Jillian Lauren jumped feet-first into her literary life in Los Angeles. First, there was her memoir "Some Girls" about moving from New York's East Village into the harem of a tremendously wealthy brother of the Sultan of Brunei. She followed that up with a novel, "Pretty," while also writing publicly about her life as the mother of an adopted son. This year, her writing has appeared in the anthologies "Camp: True Tales of Lust and Love" and "The Moth Anthology," from the popular reading series. Lauren appears at the Festival of Books at 4:30 p.m. Saturday on the panel "Fiction: Lives on the Brink."
What books are on your nightstand (and/or your e-reader, tablet or phone)?
"Pulphead" by John Jeremiah Sullivan (which has been there for about a year because I keep rereading it), "A Life in Men" by Gina Frangello, "Bone Black" by bell hooks, "Street Retreat" by Eileen Myles, "The Magic Treehouse #5: Pirates Past Noon," and some daunting book about food allergies, to which I never get around. I think that's all of them. There might be something embarrassing that I'm blocking out. I'm at a coffee shop and did that from memory.
You recently organized a literary event for women only. What inspired you to put it together? Did it turn out as you'd hoped?
My dear friend Claire Bidwell Smith and I had been fantasizing forever about throwing an intimate literary salon for women, inspired by Aidan Donnely Rowley's Happier Hours gatherings in New York. The three of us put our heads together and decided to launch the West Coast version. Eighty women got together in my backyard on a beautiful Sunday afternoon, to nosh and drink wine and talk about writing, life, love, feminism, criticism, community ... all the juicy stuff. The guests were Gigi Levangie and Nell Scovell, in a brilliant and inspiring conversation. Claire and I feel strongly about building a community of women, to both support and challenge one another. It was all we hoped it would be and more. I'm very much looking forward to the next one.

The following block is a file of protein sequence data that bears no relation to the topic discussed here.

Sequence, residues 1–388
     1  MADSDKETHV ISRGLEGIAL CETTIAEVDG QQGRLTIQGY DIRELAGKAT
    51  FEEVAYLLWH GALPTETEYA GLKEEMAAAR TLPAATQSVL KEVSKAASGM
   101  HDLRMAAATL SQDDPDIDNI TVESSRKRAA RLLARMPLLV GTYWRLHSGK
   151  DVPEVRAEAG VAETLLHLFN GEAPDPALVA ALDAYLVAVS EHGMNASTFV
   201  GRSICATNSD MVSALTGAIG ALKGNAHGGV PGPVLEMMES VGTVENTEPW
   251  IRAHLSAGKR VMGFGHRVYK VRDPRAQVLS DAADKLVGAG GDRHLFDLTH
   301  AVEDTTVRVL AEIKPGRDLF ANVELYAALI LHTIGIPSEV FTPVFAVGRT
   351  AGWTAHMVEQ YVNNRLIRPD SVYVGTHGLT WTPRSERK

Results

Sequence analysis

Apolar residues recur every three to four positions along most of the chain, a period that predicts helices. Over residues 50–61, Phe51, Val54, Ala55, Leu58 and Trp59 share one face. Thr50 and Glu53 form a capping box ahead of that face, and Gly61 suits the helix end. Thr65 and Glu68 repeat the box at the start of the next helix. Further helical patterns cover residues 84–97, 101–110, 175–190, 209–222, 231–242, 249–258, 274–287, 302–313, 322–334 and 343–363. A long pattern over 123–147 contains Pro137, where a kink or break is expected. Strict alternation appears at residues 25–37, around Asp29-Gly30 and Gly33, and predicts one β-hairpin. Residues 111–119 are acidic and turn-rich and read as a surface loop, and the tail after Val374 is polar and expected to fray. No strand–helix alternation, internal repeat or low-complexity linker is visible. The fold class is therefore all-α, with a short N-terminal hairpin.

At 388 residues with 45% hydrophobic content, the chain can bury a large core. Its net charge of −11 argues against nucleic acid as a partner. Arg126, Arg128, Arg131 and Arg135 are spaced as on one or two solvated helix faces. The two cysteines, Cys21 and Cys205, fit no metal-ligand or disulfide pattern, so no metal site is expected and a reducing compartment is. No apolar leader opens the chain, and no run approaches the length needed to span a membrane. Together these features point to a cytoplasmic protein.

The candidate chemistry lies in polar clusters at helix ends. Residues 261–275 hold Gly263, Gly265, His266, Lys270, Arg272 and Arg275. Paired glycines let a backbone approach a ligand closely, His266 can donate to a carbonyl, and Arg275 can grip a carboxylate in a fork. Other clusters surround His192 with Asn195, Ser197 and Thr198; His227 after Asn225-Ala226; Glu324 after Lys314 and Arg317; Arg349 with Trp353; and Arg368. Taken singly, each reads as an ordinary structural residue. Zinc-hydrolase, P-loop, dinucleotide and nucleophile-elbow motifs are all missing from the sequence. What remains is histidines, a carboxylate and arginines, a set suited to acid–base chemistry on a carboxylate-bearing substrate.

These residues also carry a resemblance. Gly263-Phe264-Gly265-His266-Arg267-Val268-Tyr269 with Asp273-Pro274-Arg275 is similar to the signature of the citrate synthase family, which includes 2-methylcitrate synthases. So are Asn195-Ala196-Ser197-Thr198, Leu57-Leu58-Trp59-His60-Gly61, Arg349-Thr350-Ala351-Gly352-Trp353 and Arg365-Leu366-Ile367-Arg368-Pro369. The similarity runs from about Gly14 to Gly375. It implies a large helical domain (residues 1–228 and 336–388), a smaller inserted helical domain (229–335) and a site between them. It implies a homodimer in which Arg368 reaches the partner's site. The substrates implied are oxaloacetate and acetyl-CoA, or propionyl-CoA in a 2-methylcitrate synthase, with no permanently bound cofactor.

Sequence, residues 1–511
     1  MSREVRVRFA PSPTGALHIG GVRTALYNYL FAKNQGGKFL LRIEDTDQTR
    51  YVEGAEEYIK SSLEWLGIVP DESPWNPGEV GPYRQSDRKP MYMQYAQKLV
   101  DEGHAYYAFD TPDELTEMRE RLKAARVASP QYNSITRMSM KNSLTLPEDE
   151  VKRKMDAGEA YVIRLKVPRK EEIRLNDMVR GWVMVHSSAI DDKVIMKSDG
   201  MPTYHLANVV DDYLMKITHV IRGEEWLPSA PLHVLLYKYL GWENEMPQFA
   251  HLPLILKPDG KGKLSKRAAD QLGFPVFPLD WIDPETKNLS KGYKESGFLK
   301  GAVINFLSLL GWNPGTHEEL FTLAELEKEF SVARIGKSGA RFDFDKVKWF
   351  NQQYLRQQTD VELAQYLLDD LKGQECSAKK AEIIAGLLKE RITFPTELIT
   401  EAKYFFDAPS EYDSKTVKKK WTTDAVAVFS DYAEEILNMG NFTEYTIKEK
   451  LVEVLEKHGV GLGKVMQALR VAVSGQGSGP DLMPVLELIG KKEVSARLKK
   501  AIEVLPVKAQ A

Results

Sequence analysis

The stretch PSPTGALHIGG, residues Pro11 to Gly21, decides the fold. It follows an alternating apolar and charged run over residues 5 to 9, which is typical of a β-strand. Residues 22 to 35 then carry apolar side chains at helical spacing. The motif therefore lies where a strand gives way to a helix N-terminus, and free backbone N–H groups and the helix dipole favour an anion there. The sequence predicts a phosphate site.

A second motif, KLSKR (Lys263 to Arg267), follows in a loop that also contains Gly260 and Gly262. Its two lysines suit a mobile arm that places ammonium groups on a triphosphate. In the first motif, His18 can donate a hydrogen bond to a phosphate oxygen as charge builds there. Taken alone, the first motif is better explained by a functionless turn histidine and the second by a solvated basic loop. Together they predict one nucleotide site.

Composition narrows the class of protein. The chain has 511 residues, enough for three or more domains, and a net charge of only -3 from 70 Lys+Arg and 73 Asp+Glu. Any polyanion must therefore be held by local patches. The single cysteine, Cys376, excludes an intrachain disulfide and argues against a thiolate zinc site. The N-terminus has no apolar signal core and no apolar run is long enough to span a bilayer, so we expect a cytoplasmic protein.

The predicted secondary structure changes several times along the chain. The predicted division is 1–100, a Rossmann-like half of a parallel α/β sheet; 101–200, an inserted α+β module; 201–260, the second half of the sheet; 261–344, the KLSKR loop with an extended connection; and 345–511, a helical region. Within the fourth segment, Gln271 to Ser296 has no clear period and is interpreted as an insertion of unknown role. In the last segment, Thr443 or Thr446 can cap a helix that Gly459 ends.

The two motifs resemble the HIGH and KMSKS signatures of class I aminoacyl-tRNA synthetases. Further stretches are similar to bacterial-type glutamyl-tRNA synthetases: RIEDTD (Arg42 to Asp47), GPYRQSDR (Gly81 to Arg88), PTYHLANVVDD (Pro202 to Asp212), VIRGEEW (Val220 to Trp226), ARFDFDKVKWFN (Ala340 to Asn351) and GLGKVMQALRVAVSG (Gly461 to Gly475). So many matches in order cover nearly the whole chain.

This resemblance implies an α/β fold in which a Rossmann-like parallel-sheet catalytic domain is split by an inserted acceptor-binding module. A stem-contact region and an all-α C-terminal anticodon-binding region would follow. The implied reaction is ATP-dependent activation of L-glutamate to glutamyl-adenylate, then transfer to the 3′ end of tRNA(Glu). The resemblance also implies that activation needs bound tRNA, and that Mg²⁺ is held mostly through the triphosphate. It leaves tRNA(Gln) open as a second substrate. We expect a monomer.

Tell us about a book that inspired you to become a writer.
It's probably a toss up between Shakespeare, Salinger and Judy Blume. "Are You There God, It's Me Margaret," gave me the gift of my first deep connection with a work of literature. How did some stranger know my heart, when it seemed all the people closest to me were clueless? I read it under my covers at night, by the light of my digital alarm clock. Later, I read "Nine Stories" and "Henry IV," and my brain caught fire. After that, I knew I wanted to always live in a world of language and narrative and ideas. It took me a while to figure out how to do that.
Have you been to the Festival of Books before? What was that like?
I go to the Festival of Books every year, and I always look forward to it. It's inspiring to see all those people passionate about literature. Plus, I get to be a fangirl and bug all my favorite authors. I actually met my great friend Heather Havrilesky on a Festival of Books panel, and we're still continuing the conversation, four years later. This year I'll be yakking with Rob Roberge, Dan Fante and Seth Greenland, so who knows what sort of trouble will ensue.
What's the last book that made you laugh (or cry)?
Annabelle Gurwitch's "I See You Made an Effort" will make you laugh out loud in public. Jesmyn Ward's "Men We Reaped" requires six boxes of Kleenex.